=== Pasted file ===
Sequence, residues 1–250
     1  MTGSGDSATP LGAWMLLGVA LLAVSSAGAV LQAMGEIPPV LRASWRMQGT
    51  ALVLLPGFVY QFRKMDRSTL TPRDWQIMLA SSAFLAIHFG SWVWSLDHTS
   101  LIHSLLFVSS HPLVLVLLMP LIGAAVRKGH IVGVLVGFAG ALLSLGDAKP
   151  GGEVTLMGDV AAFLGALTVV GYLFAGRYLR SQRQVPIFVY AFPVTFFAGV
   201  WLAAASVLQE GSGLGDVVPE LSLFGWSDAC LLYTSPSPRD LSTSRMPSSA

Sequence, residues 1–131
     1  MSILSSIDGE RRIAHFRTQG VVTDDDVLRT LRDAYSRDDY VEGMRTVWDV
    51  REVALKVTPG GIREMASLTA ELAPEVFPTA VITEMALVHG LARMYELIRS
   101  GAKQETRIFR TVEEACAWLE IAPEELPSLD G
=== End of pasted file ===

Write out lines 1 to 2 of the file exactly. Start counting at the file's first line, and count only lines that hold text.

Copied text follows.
Sequence, residues 1–250
     1  MTGSGDSATP LGAWMLLGVA LLAVSSAGAV LQAMGEIPPV LRASWRMQGT